The Underground Project

December 1979. The Soviet forces invade Afghanistan and bring the détente era to an abrupt end. As always during times of confrontation, the KGB is granted extra powers. Could there be a less auspicious time to start a new underground project? But I, with a handful of other Jewish activists (my brother Michael, Yuli Edelstein, and Yuli Kosharovsky) did exactly that. We worked to revive Jewish national life by teaching Hebrew and Judaism across the giant expanse of the Soviet Union.

At that time, Jewish activity was confined almost entirely to the central cities of Moscow and Leningrad, while three-quarters of the Soviet Jewish population lived in dozens of peripheral cities scattered across the giant country.  Facing the enormous power and resources of the KGB, our chances of success looked bleak. 

But the project turned out to be amazingly successful.  During my “term of office” as head of the project, we managed to establish Hebrew study groups, and a nucleus of an active Zionist movement, in 20 cities; after my arrest, my students and colleagues who took over the project – Zeev Geyzel and Dov Kontorer added another 10 cities. 

Our network was by far the biggest underground Jewish project ever undertaken in the USSR. Under the nose of the ever-vigilant KGB, we set up secret places for meeting and teaching, created masses of “forbidden” educational materials and hid them in covert storages, got these materials into the hands of Jews in dozens of far-flung cities, and sent undercover educators to teach in many of these cities.  

As time passed, the KGB began to uncover traces of the secret project.  The pressure and intimidation mounted.  The KGB understood well enough that we were creating a framework where, on the basis of joint efforts, shared problems, and frequent regular meetings, Jewish communities were being formed, with their sights on Israel.  They knew as well as we did that the Hebrew language is the natural gateway to all of Jewish civilization.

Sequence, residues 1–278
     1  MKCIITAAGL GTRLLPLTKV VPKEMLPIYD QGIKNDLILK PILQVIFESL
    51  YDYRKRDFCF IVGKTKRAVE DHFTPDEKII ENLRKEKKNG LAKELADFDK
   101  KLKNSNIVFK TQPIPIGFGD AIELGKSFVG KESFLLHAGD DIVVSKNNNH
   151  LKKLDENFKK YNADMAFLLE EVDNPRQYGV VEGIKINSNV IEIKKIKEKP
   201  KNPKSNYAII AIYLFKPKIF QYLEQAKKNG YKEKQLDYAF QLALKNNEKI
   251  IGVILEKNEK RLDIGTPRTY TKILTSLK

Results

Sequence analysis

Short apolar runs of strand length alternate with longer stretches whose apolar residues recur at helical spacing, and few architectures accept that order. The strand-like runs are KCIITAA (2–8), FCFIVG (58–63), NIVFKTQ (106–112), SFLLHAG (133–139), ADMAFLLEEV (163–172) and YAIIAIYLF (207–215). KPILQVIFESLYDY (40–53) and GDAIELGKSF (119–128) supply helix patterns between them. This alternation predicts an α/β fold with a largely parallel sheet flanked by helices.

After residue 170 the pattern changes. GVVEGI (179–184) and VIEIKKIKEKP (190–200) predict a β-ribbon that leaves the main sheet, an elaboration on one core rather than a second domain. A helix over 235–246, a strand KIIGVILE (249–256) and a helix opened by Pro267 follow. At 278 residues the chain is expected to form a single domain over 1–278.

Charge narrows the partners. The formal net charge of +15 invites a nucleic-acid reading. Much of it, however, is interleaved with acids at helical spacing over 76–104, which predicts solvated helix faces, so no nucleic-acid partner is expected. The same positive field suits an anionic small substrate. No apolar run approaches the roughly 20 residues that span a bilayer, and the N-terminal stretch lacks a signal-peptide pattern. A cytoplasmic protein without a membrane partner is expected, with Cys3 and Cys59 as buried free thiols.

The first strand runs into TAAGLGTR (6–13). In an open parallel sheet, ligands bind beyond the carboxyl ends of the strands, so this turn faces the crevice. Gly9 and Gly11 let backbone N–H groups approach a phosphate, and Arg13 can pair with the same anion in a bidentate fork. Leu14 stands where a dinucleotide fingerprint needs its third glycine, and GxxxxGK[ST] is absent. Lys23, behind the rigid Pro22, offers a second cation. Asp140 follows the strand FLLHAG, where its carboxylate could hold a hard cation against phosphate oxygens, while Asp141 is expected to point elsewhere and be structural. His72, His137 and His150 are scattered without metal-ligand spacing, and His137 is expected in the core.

In retaliation, I was arrested. The KGB planted a handgun in my apartment and I was indicted for possessing firearms illegally.  In a parallel move, they planted illegal drugs in the apartment of Yuli Edelstein and arrested him on similar trumped-up charges. 

The KGB “promised” me a show trial in the manner of Sharansky’s and Begun’s trials.  Their goal was as crude as it was simple: to undermine our movement by portraying us as potential terrorists who, under the guise of Hebrew classes and Jewish cultural and religious activities, were actually stockpiling weapons and practicing with them.

As a last-ditch protest, I began an open-ended hunger strike.  In an attempt to break my spirit, they subjected me to their most severe punishment: incarceration in their infamous punishment cell under inhuman conditions.  Supporters throughout the world rallied to pressure the Soviet government to release me.  A race against time began…

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